@GeirT - Paragraphs 8 & 9 of the Telematics Service Agreement, which is part of the final purchase document. Just because I'm paranoid, doesn't mean they aren't watching me... 8(x) & 9(i).

8. Information Collected. We collect information about
you and your Tesla EV several different ways: (a) from
what you provide to us when you accept this
Agreement or buy or lease your Tesla EV; (b) from
your use of the Services; (c) from calls or emails
between us; (d) from our wireless services provider;
and (e) from your Tesla EV itself. The information we
may obtain from your Tesla EV includes, without
limitation, (x) information about the vehicle and its
operation, including without limitation, vehicle
identification number, location information, speed and
distance information, battery use management
information, battery charging history, battery
deterioration information, electrical system functions,
software version information, and other data to assist in
identifying and analyzing the performance of your
Tesla EV; (y) information about your use of the
Services; and (z) data about accidents involving your
Tesla EV (for example, the deployment of air bags).
Because your Services are provided through wireless
and satellite networks, we cannot promise or guarantee
that your communications will not be intercepted by
others. You agree Tesla will not be liable for any
damages for any loss of privacy occurring in
communication over such networks. If you do not notify
us of a sale or transfer of your Tesla EV, we may
continue to send reports or other information about
your Tesla EV or the account to the e-mail or mailing
address currently on file with us. In such case, we are
not responsible for any privacy related damages you
may suffer.
9. Use of Information about You or your Tesla EV.
You agree that we can, subject to applicable laws, use
any of this information we collect, and provide such
information to applicable Service Providers and third
parties to: (a) provide the Services to you; (b)
communicate with you about your account or your
vehicle; (c) check or maintain your Tesla EV; (d)
analyze your Tesla EV’s performance, and combine
with and compare to data gathered from other Tesla
EVs; (e) help you to maintain your Tesla EV; (f)
research, evaluate and improve the Services and
vehicle technology; (g) enforce this Agreement with
you or others; (h) prevent fraud or misuse of the
Services; (i) comply with the law and any and all legal
requirements, including valid court orders and requests
from police or other authorities; (j) protect the rights,
property, or safety of Tesla, you or others; or (k)
perform market research for Tesla’s own purposes.
This list is not meant to be exhaustive.

Captain_Zap | July 29, 2013

I would still hope that Tesla would not release personal or private information without a warrant or just cause. That is the American way, or at least that is what we were lead to believe.

Brian H | July 30, 2013

NSA requests are very polite.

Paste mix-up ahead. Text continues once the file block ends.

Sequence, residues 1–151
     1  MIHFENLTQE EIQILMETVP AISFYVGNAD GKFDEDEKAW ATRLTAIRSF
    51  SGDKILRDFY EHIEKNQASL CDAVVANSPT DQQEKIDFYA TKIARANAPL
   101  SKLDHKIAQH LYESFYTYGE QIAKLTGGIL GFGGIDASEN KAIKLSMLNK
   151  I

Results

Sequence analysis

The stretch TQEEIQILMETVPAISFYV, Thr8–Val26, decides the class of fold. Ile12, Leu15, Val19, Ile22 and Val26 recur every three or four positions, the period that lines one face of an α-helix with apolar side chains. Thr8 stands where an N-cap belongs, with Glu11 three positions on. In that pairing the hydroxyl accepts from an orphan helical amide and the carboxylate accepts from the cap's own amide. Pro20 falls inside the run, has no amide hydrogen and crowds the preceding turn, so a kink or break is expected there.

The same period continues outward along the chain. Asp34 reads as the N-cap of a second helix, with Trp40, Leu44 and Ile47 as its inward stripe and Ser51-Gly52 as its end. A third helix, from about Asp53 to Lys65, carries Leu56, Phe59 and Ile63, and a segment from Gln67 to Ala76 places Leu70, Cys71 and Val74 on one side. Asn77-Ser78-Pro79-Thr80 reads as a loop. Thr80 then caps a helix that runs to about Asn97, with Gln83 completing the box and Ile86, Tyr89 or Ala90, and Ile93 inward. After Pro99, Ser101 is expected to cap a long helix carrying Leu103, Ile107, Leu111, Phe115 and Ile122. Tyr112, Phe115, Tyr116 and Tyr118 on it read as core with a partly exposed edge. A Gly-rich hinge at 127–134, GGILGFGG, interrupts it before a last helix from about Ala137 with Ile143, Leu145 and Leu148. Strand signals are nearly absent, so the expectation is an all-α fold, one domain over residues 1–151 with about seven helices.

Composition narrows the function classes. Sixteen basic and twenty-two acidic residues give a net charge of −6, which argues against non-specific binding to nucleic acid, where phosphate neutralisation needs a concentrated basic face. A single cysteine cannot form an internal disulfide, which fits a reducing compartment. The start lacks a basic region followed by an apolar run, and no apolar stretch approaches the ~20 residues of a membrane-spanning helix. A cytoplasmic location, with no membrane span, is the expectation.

Whisper quiet.

stevenmaifert | July 30, 2013

@Captain_Zap - 9(i) says as much. My only real concern here is that if you were ever involved in litigation where your driving habits were in question, the car can testify via the data Tesla collects.

cgiGuy | July 30, 2013

"...location information..." That explains why the service center guy said, "I saw a Tesla across the street, so I pulled up your car location to see if it was you." when I stopped to get coffee prior to an appointment. He went on to say they (service center folks) can only "track" cars within 1/2 mile of the service center.

Doesn't bother me a bit.. wish there was a "we notice you're in a ditch on the side of the road" alert for them.

KWTESLA | July 30, 2013

Ok What can Tesla do with the mysterious Data ?

They can tell where more chargers are needed . They can know more about how our cars are being used which will allow them to make changes in the car. An example was the battery warranty change that came about because of Data that showed that the way most of us charge and use our cars the batteries will last the 8 years of the warranty . This caused Elon to say the batteries were covered no matter how we charge or use them. Just don't damage them physically and You are covered.

mdemetri | July 30, 2013

Given the fact that the NSA is 'legally' collecting all our phone and email records, but only looking at them for cause, I can easily see the NSA demanding 'car location' information from Tesla on all cars. If approved by the FISA court, this would be a 'legal' request and therefore Tesla would have no choice but to hand over the info.

As terrorists are unlikely to drive a Tesla, I would be appalled if this actually occurred. But, it is within the realm of possibilities and IMO, a big problem.

avanti | July 30, 2013

This is the perfect time for the NSA to make said request--before any significant constituency that might raise a fuss has time to come into being. And, why wouldn't the FISA "court" approve it? The logic of the argument is no different from that of the data collection activities that have already become routine. And, anyway, a very large number of police cars now routinely do OCR on every license plate they pass and store the data permanently.

If you happen to think that this isn't such a good idea, I humbly suggest that you think more broadly than whether these good folks know where you take your Model S.